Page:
Strength Versus Substance
Isaac Stern Auditorium, Carnegie Hall
Ludwig van Beethoven: Piano Sonatas No. 31 in A-flat Major, Opus 110, & No. 17 in D Minor, “The Tempest”, Opus 31, No. 2
Peter Ilyich Tchaikovsky: Piano Sonata in G Major (“Grand Sonata”), Opus 37
Denis Matsuev (Pianist)
Carnegie Hall audiences got two...no, three Denis Matsuevs for the price of one.
The second Matsuev played the rare Tchaikovsky “Grand Sonata” (the composer’s own cognomen) with a rip-roaring, uninhibited in-your-face dynamism. Those who hadn’t heard the only piano sonata acknowledged by Tchaikovsky himself (and this writer only heard it on YouTube, since it is never performed in New York) might have been astounded at the pure power of the piece. A deceiving power, but certainly effective.
The third Matsuev came, as expected, with the encores. Mr.Matsuev never plays less than four, and they run the gamut from mawkish to fiery to pure exhibitionist. Yet the audience loved it. As they might love a trapeze artist dangling, somersaulting and landing with elegant grace.
The shmaltz was Schumann’s Träumerei, coming after Tchaikovsky’s Schumannesque sonata, might have been appropriate. Matsuev instead justified the “dream” by going to sleep, his fingers dangling, his retards adoze. His Grieg Hall of the Mountain King was pure fun. Starting slowly at the bottom of the keyboard, zipping to the top. And his jazz encore–with fingers that would make Art Tatum or Oscar Peterson sound like all thumbs–got the most appreciative applause of all.
Beethoven be damned, the audience roared. This is what a keyboard is for.
The problem came from the two Beethoven sonatas, works which have more meaning in one measure than the full 30 minutes of the Tchaikovsky. Mr. Matsuev flipped the program over, playing “The Tempest” first. That was a wise choice since the Opus 110 Sonata had more meat, more inner guts.
The 17th Sonata should have been Beluga caviar for Mr. Matsuev’s sheer muscularity, his unrestrained pyrotechnics. Whether it was the odd hour for the concert (7 p.m.) or another problem, his fingers never rose to the occasion. His rhythms were offbeat, some of the passages were blurred, and one never quite caught the structure of the start. He got hold of himself in the second movement, with a firm touch. But in the finale, Mr. Matsuev offered a perpetual-motion movement which, was motion, was perpetual and made no attempt at meaning.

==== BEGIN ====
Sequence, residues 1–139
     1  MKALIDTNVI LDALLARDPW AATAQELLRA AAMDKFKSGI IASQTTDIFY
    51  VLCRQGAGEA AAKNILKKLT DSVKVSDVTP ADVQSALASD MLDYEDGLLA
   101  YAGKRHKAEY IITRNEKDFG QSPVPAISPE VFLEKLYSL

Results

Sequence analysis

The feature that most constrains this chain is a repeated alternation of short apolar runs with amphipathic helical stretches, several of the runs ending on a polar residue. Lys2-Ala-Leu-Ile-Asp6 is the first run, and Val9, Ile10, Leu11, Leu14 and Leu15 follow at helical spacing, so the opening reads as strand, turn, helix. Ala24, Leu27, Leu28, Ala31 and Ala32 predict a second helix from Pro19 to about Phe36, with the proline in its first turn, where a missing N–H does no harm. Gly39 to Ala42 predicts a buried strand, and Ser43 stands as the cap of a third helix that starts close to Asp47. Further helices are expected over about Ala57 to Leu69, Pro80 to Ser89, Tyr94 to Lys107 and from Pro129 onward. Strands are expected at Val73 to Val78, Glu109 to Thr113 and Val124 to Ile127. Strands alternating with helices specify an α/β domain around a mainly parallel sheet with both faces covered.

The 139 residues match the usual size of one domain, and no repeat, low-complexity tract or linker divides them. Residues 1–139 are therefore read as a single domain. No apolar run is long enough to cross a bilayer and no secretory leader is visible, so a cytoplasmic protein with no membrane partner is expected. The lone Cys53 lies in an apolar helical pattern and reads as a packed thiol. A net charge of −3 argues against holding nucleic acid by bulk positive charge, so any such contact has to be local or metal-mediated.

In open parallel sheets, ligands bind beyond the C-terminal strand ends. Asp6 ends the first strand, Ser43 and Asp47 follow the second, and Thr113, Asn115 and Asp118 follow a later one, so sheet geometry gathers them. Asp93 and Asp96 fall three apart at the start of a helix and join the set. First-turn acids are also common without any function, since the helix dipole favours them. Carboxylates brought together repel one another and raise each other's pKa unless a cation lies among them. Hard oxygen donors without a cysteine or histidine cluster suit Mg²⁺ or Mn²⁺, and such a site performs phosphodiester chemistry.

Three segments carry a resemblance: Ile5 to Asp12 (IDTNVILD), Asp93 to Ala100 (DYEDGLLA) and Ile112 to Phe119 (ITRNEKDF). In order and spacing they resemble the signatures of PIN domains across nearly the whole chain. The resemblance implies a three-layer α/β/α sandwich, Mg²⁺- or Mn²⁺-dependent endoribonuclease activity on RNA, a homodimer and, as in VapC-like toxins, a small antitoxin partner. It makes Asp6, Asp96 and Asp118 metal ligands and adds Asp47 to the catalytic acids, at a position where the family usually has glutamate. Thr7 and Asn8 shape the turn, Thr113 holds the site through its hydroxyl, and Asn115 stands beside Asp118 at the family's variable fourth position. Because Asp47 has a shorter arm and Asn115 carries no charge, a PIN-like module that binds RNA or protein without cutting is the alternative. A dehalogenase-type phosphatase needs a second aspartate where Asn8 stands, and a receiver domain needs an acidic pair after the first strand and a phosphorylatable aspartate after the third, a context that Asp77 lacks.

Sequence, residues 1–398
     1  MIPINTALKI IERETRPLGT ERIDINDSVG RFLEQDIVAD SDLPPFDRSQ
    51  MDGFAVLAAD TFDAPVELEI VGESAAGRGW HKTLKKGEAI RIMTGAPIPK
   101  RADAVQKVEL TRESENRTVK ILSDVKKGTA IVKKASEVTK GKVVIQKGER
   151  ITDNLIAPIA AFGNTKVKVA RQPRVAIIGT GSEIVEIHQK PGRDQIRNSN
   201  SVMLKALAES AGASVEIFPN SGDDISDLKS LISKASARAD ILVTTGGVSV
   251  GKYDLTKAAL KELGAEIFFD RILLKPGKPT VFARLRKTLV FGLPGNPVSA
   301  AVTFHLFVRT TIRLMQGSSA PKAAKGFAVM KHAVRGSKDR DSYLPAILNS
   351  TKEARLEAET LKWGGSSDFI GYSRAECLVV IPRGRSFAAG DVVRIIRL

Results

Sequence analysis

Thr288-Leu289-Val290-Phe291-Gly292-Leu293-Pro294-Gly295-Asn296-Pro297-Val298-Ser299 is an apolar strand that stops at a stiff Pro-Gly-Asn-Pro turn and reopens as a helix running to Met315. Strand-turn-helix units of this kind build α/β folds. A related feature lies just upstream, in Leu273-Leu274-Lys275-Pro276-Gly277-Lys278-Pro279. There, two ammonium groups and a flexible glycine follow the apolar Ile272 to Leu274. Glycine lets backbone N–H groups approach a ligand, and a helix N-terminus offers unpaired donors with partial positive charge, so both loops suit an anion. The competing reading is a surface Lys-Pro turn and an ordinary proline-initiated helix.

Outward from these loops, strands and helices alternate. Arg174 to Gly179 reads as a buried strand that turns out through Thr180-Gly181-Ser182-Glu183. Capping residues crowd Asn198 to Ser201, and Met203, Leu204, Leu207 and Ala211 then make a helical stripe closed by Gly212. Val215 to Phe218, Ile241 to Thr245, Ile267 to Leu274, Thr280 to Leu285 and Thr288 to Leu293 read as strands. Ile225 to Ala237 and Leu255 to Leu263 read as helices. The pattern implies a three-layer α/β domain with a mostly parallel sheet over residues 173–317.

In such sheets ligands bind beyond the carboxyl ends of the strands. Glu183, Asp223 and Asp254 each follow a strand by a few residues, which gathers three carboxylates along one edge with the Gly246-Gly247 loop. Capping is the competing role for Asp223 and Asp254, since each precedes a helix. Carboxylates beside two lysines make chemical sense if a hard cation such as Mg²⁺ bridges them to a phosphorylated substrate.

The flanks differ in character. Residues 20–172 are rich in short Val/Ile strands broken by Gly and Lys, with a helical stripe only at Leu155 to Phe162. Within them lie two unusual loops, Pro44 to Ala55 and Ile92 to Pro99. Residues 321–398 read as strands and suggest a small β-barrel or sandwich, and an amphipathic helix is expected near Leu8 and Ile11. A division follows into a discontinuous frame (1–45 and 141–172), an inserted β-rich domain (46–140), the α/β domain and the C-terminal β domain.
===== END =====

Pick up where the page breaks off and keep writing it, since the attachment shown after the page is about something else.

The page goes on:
Beethoven’s 31st Sonata seems to be played by half the recitalists in New York this past year, and Mr. Matsuev was better than most. Better, that is, if one prefers an adroit, clean, proficient performance. Nothing unexpected, nothing out of place...
And none of the mystery, the poetry. Perhaps Beethoven himself played it this way, perhaps this was Mr. Matsuev’s answer to a too-personal passion. One waited, though, for that ultimate section from the penultimate sonata: that grand fugue. Mr. Matsuev didn’t miss a note, his phrasing was impeccable, it was a good Classical conception. And if one missed the older pianists…well, too bad. This was Matsuev’s Beethoven and he made a good show of it.
That Tchaikovsky Third Sonata, though, was the killer of the evening. The opening was masterly, even flashy. And Mr. Matsuev gave it all the flash needed, with enough energy to make up for the lackadaisical second subject. As the movement went, his strength was so superhuman that nobody had a chance to discover whether the creation had substance.
The second-movement variations (based on two notes) were time not to relax but to finally allow us to hear the music. It was stunning playing, Matsuev’s strength restrained, the emotional core of the work quite apparent.
Those wondrous hands took the short scherzo in stride. And when he got to the finale, one forgot whether this was “good” Tchaikovsky or not. This was the music Mr. Matsuev was waiting for.
The last two movements (which virtually quoted from the Fourth Symphony) were equally unparalleled. In turn bravura, lyrical, light, electrifying, the work gave Mr. Matsuev the chance to propel the piano to a grand finale.
No, this was not Beethoven. But Matsuev is neither Richter nor Brendel. He is his own man, and when given a chance to perform the Tasks of Hercules, he succeeds with the intensity and strength of a mythical hero.